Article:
Directors: Chielo Eze

Educational Associate: Cameron Kelley

Africana Studies, or AFST, provides a cross-cultural and historically comparative framework to study the rich connections and exchanges among African people, their descendants, and the various “new worlds” in which they have made and are making their lives.

Can I major in it? Students may pursue this interdisciplinary course of study as a major or a minor.

Topics explored: Combining area and ethnic studies, AFST examines the cultural, literary, political, social, and intellectual responses to slavery, colonialism, missionization, and racialization throughout Africa and its many diasporas.

Through multidisciplinary training, students are encouraged to develop their analytic, research, and literary skills. Doing so, they acquire the intellectual tools to critique and correct the distortions and silences about Africans and their descendants in both academic canons and public discourse.

How to get started: We offer a number of pathways into Africana Studies. The best way to get started is to take one of our interdisciplinary gateway courses, marked with the AFST prefix. These courses change from year to year.

Another great way to get started is by taking a “survey” course, which is an introduction to Africana Studies within a specific discipline, e.g. History, Art History, or English. You can follow that by sampling from our wide array of distribution courses.

New Courses to Consider

AFST 120 Race and Racism Outside the U.S. – Professor Daniel Williams (6 credits)

In this course, we examine the ways that race structures difference and inequality in non-U.S. contexts with varying degrees of racial “diversity.” As a construct fundamentally grounded in white supremacy through encounters between Europe and its “Others,” race from its inception has been a global construct for organizing and stratifying human difference. Yet the specific ways that race is constructed varies across societies, with ethnicity and other related concepts of difference substituting for race. Foundational to this course will be how the notions of blackness and whiteness figure into the creation of racial categories, boundaries, and inequalities. Course topics include skin color stratification, “colorblindness,” ethnicity and nationhood, migration and citizenship, media representations, anti-blackness as a global phenomenon, transnational and global flows of racial ideas and categories, and social movements for racial justice.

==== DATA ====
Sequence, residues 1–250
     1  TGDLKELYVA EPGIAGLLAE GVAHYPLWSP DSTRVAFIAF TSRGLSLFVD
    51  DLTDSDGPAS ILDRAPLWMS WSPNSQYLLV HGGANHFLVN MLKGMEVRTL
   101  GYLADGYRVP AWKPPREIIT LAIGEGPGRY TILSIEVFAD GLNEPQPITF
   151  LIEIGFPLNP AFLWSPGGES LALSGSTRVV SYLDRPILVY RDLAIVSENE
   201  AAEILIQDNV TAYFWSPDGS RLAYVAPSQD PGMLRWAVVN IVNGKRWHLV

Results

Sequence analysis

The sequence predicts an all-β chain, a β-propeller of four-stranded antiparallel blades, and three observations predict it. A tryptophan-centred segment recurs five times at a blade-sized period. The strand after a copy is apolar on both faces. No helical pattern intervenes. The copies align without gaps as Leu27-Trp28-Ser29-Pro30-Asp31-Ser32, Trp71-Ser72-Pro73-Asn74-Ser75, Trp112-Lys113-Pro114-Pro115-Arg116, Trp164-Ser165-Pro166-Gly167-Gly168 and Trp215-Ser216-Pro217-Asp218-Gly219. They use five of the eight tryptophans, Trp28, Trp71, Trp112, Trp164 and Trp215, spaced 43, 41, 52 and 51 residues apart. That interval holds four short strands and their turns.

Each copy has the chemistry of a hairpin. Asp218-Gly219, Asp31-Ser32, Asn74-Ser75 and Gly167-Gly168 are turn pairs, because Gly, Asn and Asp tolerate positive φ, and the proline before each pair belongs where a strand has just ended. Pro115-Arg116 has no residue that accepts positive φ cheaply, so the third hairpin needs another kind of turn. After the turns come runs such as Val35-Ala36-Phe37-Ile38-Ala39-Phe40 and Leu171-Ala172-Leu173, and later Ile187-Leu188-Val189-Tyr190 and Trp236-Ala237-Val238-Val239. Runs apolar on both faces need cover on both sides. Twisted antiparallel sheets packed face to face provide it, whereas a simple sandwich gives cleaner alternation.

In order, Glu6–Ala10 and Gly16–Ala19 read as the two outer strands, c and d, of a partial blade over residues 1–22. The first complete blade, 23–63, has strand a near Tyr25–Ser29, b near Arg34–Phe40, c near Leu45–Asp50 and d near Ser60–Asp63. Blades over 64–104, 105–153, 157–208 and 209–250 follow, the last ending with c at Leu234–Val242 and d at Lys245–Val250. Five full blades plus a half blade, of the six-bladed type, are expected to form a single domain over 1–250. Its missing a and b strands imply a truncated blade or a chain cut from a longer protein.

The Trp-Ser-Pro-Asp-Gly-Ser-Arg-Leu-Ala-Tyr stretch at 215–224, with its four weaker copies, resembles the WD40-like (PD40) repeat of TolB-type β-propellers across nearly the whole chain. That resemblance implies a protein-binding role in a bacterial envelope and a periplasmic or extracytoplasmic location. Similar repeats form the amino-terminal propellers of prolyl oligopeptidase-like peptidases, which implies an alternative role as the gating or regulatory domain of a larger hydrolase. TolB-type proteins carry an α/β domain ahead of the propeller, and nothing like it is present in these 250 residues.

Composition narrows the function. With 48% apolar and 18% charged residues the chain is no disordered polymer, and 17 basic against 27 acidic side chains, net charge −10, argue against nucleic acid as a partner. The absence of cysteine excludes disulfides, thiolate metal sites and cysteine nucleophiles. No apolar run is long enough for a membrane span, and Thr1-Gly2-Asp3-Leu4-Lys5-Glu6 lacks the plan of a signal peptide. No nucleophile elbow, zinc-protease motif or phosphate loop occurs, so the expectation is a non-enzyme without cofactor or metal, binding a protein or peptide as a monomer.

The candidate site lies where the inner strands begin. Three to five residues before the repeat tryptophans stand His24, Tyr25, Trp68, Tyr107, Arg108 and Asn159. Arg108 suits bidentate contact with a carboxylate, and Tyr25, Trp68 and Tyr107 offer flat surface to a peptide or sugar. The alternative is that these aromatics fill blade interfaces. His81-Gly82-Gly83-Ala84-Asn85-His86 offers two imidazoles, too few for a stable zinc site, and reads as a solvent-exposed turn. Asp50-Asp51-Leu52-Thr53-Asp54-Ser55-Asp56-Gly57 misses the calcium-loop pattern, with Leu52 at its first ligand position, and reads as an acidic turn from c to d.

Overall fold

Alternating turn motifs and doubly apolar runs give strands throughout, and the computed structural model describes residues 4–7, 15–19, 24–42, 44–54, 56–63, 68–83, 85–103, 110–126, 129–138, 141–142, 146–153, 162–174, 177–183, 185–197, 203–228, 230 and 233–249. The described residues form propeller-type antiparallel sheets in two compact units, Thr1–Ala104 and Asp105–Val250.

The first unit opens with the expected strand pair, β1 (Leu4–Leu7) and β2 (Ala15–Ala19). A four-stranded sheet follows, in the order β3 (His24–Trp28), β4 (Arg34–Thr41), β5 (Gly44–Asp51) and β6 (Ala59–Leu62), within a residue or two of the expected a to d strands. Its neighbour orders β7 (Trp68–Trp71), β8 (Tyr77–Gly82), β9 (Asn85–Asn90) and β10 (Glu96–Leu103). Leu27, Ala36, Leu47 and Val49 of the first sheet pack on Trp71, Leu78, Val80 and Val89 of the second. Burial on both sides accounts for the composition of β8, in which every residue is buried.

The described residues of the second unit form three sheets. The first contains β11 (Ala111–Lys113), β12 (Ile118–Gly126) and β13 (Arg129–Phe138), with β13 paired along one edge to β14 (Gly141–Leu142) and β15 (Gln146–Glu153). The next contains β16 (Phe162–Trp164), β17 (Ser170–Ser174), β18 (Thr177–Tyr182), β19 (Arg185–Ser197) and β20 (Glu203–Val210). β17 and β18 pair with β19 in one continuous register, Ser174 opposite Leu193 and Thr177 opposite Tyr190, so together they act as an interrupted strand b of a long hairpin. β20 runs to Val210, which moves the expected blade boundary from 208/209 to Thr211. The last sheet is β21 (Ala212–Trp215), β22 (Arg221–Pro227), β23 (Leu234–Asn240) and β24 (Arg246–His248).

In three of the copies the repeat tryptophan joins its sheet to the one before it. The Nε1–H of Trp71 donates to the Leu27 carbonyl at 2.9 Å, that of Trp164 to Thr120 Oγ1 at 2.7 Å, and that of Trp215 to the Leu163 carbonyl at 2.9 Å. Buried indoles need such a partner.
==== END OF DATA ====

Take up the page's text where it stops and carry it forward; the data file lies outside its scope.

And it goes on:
SOAN 214 Neighborhoods and Cities: Inequalities and Identities – Daniel Williams (6 credits)

Inequalities and identities are well understood yet too often disconnected from the context of space and place. In this class, we discuss the ways that neighborhoods and cities are sites of inequality as well as identity. Neighborhoods are linked to the amount of wealth we hold; the schools we attend; the goods, services, and resources we have access to; and who our neighbors are. Neighborhoods are also spaces where identities and community are created, claimed, and contested. They can also be sites of conflict as they change through gentrification or other processes that often reflect inequalities of power, resources, and status. In this course, special attention will be paid to how race, gender and sexuality, and immigration shape inequalities and identity in neighborhoods and cities. This course will also include an academic civic engagement component, collaborating with local communities in Minnesota.

Prerequisite: The department strongly recommends that Sociology/Anthropology 110 or 111 be taken prior to enrolling in courses numbered 200 or above.